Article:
What are people's priorities post-pandemic? Where do the opportunities lie within the built environment? And what does the future look like for resilient cities? With the world opening up again, we explore how real estate is fundamental in reconnecting faces, spaces and places; helping people and businesses to connect and thrive
Welcome to the 2022 edition of Impacts.
This year, as we emerge from Covid, our theme is Reconnect. It has been a pleasure to reconnect with colleagues and clients around the world; as a 167-year old business, we have deep links with the people and places we serve. This reconnection is happening throughout real estate. Our Resilient Cities report shows the world’s leading cities opening up, although they are by no means back to normal. People are reconnecting in the workplace but demanding more wellness, flexibility and sustainability.
Energy is a key sustainability topic for property and its importance has been proven by the inflation we are seeing worldwide, driven by the tragic war in Ukraine and supply chains which are still disrupted by the pandemic. Savills plc is committed to net zero across its business by 2030 and in its supply chain by 2040, while the Savills Earth team supports clients’ net zero and energy security ambitions. Decarbonising will lower energy and thus living costs, as well as help to meet the climate challenge.
The inflation protection offered by real estate and its safe haven status will be at the forefront of investors’ minds this year, and we expect continued capital flows into the asset classMark Ridley, Group CEO, Savills
We are seeing much greater attention paid to embodied carbon in buildings, and far-sighted occupiers, who might previously have demanded the best new-build available, are now considering refurbishment to the highest standards as a more sustainable alternative. Refurbishment to Grade A standard will also meet investors’ needs for more sustainable portfolios and their demand for prime assets, which provide insulation from inflation and geopolitical uncertainty. We have invested in our project management business so we can support this transformation.
The inflation protection offered by real estate and its safe haven status will be at the forefront of investors’ minds this year, and we expect continued capital flows into the asset class. Logistics will remain a prime target, as disrupted supply chains continue to drive the need for more space, located closer to consumers. However, investors should be careful about the pricing of assets in a sector where occupier requirements can change rapidly.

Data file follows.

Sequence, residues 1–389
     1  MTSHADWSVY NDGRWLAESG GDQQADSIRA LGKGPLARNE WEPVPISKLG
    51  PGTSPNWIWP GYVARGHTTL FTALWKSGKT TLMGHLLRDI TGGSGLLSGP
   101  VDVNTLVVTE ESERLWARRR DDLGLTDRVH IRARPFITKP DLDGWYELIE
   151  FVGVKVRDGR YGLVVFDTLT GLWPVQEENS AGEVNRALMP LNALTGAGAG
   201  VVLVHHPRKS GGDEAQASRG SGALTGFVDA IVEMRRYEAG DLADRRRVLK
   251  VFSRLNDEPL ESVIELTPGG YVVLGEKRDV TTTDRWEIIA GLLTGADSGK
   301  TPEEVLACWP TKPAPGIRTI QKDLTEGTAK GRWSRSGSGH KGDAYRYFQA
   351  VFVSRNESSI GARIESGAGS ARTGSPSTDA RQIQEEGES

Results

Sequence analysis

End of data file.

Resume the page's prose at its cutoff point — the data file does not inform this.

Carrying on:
The office sector has resisted claims of its demise, and many landlords are now offering more flexible and sustainable space to meet the demands of occupiers and their staff. Retail, meanwhile, has shown surprising resilience in many markets, as our article on the topic demonstrates. Non-discretionary retail continues to thrive and major shopping districts are also reconnecting with customers as they return to city centres. The recovery of international travel and tourism will further boost retail areas such as Oxford Street, Fifth Avenue and Orchard Road.
Wherever I have travelled recently, the shortage of skilled staff has been a topic of conversation. It is a challenge for Savills too, but I am very proud of our graduate and apprenticeship programmes worldwide, which have continued unabated and will nurture talent and support our business.
Looking ahead to the rest of 2022, I hope to reconnect with more staff and clients around the world and see more people in transit, because their movement will drive investment. I also look forward to the continued transition of real estate into a more sustainable industry.
Author, Mark Ridley, Group CEO